History of the Games

The typical Greek games included events for javelin, long jump, and discus. Other events had wrestling and boxing. Greek styled games had several initial functions. One of them was to celebrate generals’ successes in Greece. Other functions involved power moves exercised by rulers. Roman emperors had considerable decisions over the Campus Martius.

Julius Caesar had temporary stages in the Campus, including ones with an artificial lake designed for mock water fights. The Saepta was a building located in the Campus that was reserved for voting and other such political matters. It was planned by Julius Caesar.[3]

Augustus held his own games at the arena: three sets of his own––two in his name and one for his grandson. Of his games, one was named the Actian Games in 28 BC. The Actian Games had gymnastics shows on a wooden stage. The Augustalia Games were the second in 19 BC. The third Games were held in 12 BC, used to honor his promotion to Pontifex Maximus.

Rewards and Recognition in the Games

The appreciation that Romans give particularly to the athletes competing in the events was evident in the numerous tokens dedicated to certain athletes. In other occasions, artists such as poets, musicians, and orators were recognized for their skills.[6] Such tokens included lamps decorated with foliage, flowers, and crowns.[5] This was a way to commemorate the games.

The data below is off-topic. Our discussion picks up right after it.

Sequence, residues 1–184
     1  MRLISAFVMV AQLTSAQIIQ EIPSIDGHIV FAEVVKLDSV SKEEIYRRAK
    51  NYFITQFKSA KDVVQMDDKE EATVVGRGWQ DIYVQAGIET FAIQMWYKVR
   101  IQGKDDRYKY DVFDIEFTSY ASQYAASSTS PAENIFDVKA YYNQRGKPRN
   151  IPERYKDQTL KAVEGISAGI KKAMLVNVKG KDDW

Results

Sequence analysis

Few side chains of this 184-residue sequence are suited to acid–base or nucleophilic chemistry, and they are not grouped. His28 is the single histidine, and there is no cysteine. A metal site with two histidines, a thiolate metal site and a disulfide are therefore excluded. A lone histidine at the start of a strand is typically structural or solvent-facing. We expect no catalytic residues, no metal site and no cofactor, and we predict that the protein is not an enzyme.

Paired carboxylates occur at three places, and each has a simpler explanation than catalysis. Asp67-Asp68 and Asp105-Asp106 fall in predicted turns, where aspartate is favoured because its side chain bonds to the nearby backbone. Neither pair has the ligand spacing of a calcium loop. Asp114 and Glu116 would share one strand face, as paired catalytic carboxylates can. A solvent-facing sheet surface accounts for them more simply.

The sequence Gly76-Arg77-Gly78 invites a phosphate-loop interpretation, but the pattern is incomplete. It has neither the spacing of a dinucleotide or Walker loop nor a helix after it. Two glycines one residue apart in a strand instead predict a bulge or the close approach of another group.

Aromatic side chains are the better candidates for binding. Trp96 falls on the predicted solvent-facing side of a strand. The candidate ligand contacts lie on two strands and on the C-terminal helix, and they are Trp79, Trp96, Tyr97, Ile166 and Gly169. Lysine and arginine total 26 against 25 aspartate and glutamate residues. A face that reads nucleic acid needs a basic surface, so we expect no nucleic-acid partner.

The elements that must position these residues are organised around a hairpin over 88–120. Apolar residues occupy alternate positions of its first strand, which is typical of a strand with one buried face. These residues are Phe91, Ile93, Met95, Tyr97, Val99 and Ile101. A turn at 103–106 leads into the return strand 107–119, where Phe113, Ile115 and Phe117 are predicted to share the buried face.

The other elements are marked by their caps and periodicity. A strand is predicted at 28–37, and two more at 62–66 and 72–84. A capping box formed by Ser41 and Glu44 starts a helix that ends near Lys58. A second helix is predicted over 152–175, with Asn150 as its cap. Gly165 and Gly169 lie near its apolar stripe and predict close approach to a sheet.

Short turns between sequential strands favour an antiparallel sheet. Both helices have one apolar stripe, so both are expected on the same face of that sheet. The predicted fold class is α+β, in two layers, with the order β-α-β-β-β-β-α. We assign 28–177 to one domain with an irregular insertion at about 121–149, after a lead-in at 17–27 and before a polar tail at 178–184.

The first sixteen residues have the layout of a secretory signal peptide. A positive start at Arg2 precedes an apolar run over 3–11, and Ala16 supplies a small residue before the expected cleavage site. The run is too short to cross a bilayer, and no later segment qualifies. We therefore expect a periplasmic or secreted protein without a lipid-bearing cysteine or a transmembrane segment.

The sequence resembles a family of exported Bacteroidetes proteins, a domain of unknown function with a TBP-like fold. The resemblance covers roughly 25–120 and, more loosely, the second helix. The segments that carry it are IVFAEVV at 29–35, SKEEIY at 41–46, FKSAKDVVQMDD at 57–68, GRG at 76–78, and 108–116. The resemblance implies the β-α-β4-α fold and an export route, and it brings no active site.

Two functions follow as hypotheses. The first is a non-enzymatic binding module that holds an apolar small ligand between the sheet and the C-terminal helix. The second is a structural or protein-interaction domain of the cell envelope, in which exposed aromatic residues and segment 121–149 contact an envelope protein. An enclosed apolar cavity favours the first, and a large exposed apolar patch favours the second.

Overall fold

Growing Greek Influence

The prominence of Greek athletics points towards the prevailing influence Greek culture had on the minds of the Romans. The popularity of the Greek games held in the arenas only attest to the claim. Athletics was in a way a method to preserve and highlight the virility of Greek honor in a physical way, demonstrated through feats of spectacular strengths and finesse, usually naked in order to make a statement about comparing fit Greek bodies to others. This was especially contrastive with Roman morals, which decried public nudity.[3]

The Romans’ adoption of Greek games underlined a certain kind of thought reversal on Rome’s part. Such acceptance became more widely recognized, especially through the influx of Greek immigrants via slavery or other means of displacement. The ever-changing populous of Rome and its varied citizens soon added Greeks into the equations; even the governmental senators were sometimes selected from the Greek-provinces of Rome. In a sense, Rome was a cosmopolitan city, spoken in many languages such as Latin, Greek, and Oscan,[7] this shows a multifaceted empire made up of different parts around the Mediterranean area.[3] Greek arts, luxuries, and ideas were infused into Roman culture, so much so that it was not abnormal to see even Romans enact special sporting events like the ones above. The Romans merely adapted such values to their own lifestyle. In other ways, having Greek-styled games could be a tactic on the part of the Romans enjoying the culture of conquered lands.